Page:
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Do Jews believe that Jesus was a prophet?

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rockymountaindem Donating Member (1000+ posts) Send PM | Profile | Ignore Sun Feb-05-06 11:44 PM
Original message
Do Jews believe that Jesus was a prophet?
Relax, relax, I already know the answer. But, I'm having a little PM exchange with someone who thinks Jews believe Jesus is a prophet. In case my explanation doesn't suffice, I'm going to need some backup.

Could someone else explain the theological relationship (or non-relationship) between Jews and Jesus?
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Behind the Aegis Donating Member (1000+ posts) Send PM | Profile | Ignore Mon Feb-06-06 02:33 AM
Response to Original message
1. No.
I bet I know with whom you had that exchange. Don't you love it when we are told about our religion by someone who does not practice it?

Jesus was seen as a teacher. There are some that believe he may have even been a Rabbi. It is believed he was fighting corruption within our own religion, so there was much tension between him and the elders. Of course Israel was being occupied at the time by a foreign power, Rome. Much of his ire was directed at their treatment of Jews and other non-Romans.

However, I have never seen him called one of our prophets, until the other day, on DU. The only Jews I know that call him a prophet are "Jews for Jesus."
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ikojo Donating Member (1000+ posts) Send PM | Profile | Ignore Wed Feb-08-06 10:21 PM
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2. Jesus never comes up in traditional Jewish practice
He is not mentioned in any prayers or rituals.

There is no theological relationship between Jews and Jesus. NONE.
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HamdenRice Donating Member (1000+ posts) Send PM | Profile | Ignore Fri Feb-17-06 04:28 PM
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3. Maybe better framing: Did any Jews ever believe Jesus was a prophet?
The original question clearly sounds a little silly from the perspective of the modern Abrahamic religions, but that is many centuries after they have separated themselves out, and re-written their own cannons to exclude some things and include other things.

In other words, clearly there were people who considered themselves Jews who were followers of Jesus around and after the time of Jesus' death. They considered themselves Jews even if in retrospect, neither Jews nor Christians today would.

Even the early Muslims could be considered Jews who considered Jesus a prophet. Mohammed claimed to be reviving the "debased" Judaism and Christianity around him, but seemed to make little distinction between them, although he believed that Christians deified Jesus incorrectly.

So of course the people who now consider themselves Jews don't believe Jesus was a prophet, but from the time of Jesus to the time of Mohammed, there were such people even though in retrospect they are not so considered and their writings entered the Islamic rather than Jewish cannon.
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Meshuga Donating Member (1000+ posts) Send PM | Profile | Ignore Sat Feb-18-06 05:25 PM
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4. Jews never believed that Jesus was a prophet
There is no consensus on how Jews are to regard Jesus but in recent decades many Jewish scholars have tended to view him as one of several first and second century Jews to have claimed to be the messiah, and who attempted to rid Judea of their oppressors (Rome). Almost none of these scholars believe that Jesus intended to start a new religion. Most Jews believe that if Jesus came back today he would feel more comfortable in a synagogue than at a church. An increasing number of Jewish scholars believe that Christianity real founder was another first-century Jew, Paul.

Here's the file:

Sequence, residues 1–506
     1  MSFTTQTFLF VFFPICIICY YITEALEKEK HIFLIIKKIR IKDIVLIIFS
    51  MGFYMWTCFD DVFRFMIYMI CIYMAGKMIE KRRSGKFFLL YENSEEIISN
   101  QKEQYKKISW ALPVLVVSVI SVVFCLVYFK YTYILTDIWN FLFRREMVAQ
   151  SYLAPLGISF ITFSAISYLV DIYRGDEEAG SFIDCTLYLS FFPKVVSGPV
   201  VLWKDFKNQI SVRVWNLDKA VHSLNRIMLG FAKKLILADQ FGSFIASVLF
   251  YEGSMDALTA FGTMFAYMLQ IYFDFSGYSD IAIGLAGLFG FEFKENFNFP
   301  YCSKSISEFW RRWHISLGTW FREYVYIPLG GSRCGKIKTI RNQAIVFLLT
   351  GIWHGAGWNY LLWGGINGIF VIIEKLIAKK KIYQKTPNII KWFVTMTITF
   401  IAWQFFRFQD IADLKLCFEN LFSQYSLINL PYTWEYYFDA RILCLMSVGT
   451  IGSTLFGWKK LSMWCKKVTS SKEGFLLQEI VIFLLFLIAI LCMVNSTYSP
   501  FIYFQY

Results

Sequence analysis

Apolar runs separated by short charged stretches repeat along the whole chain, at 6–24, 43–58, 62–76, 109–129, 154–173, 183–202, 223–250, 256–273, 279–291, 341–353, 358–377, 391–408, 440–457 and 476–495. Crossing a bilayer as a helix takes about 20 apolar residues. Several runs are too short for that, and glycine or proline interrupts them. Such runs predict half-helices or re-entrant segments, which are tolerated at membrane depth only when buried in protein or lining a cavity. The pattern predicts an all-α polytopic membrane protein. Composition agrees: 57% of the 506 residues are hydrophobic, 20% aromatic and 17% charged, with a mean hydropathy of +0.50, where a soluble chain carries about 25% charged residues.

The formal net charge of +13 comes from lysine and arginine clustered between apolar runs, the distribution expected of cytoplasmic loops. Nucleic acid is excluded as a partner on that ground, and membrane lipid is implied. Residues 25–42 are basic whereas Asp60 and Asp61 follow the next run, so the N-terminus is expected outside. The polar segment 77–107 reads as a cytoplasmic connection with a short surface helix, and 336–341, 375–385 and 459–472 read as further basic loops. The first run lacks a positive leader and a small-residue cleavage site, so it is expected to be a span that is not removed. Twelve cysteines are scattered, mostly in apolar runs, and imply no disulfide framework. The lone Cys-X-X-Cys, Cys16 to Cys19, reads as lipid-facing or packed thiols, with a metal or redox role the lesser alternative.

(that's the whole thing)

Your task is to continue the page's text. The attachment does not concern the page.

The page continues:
Christianity came about after Jesus died. Paul of Tarsus (a.k.a. Saint Paul) one day had a vision of Jesus as God. Before Paul's vision, Jesus' followers saw themselves as Jews and observed the Torah. The characteristic that set them apart was the fact that they thought Jesus was the messiah, and he would one day return to redeem the Jewish people. Paul radically redefined this small Jewish sect into a religion which sharply broke with Judaism.

According to Paul what matter to God was not observing the Torah but faith in Jesus. Those surviving christians who had known Jesus personally (Paul had not) really resisted this teaching. The people around Jesus were observant of the Torah. Paul claimed that it was impossible to follow every commandment from the Torah and people would eventually sin and be damned by God. He said "to be saved, mankind must be redeemed from the Law, a redemption which can only come through belief in Jesus". Judaism rejected virtually every element in Paul's reasoning process. While Judaism advocated complete observance of the Torah, it also recognized that people would inevitably sin. Before Jesus and Paul, Judaism had worked out a complete process for repentance. Sadly Paul's claims that God damns people for violating any of the Torah's laws have lead people to believe that the God from the Hebrew Bible is harsh and vengeful.

Back in the time after Jesus' death, as long as the small sect of Christians differed from their fellow Jews only with regard to certain beliefs about Jesus, they remained part of the Jewish people. But when Paul dropped the Torah and drooped any requirement for conversion, Christianity ceased being a sect and became a separate religion.
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